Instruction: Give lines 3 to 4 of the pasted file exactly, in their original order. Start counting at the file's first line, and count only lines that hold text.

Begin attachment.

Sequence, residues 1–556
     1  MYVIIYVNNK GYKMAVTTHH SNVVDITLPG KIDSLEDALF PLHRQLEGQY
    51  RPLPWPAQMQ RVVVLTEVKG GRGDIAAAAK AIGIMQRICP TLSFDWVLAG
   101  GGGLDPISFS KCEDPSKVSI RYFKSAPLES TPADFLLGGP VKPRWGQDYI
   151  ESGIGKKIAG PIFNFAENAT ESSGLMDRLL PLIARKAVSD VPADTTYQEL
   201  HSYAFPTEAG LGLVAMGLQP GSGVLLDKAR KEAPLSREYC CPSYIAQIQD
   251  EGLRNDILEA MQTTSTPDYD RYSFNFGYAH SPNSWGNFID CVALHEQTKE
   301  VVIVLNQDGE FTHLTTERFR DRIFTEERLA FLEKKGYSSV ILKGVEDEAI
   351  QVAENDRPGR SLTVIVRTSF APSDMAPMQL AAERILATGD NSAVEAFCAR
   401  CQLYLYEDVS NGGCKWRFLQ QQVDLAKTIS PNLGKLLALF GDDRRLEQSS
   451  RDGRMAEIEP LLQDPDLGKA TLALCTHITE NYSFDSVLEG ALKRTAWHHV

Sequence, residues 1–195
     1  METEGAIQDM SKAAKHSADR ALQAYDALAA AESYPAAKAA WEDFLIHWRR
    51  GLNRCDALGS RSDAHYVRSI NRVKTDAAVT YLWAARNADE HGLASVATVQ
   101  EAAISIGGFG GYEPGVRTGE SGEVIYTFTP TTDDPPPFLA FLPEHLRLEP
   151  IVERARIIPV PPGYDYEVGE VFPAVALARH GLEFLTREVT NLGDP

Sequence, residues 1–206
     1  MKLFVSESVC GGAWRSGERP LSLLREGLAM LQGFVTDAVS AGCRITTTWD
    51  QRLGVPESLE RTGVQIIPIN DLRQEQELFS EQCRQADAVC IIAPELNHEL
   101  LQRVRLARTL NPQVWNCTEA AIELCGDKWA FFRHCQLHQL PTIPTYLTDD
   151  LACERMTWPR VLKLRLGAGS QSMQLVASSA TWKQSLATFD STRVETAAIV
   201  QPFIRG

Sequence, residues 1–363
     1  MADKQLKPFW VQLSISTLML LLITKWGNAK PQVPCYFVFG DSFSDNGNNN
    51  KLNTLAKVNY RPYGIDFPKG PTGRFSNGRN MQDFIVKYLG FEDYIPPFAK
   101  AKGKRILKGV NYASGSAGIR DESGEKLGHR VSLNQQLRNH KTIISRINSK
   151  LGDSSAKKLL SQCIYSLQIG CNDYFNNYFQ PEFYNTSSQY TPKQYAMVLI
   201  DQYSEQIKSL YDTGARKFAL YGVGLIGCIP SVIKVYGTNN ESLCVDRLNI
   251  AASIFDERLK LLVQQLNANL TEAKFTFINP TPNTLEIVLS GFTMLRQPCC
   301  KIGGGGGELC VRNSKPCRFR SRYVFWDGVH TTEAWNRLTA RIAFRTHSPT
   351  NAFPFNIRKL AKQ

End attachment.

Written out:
    51  RPLPWPAQMQ RVVVLTEVKG GRGDIAAAAK AIGIMQRICP TLSFDWVLAG
   101  GGGLDPISFS KCEDPSKVSI RYFKSAPLES TPADFLLGGP VKPRWGQDYI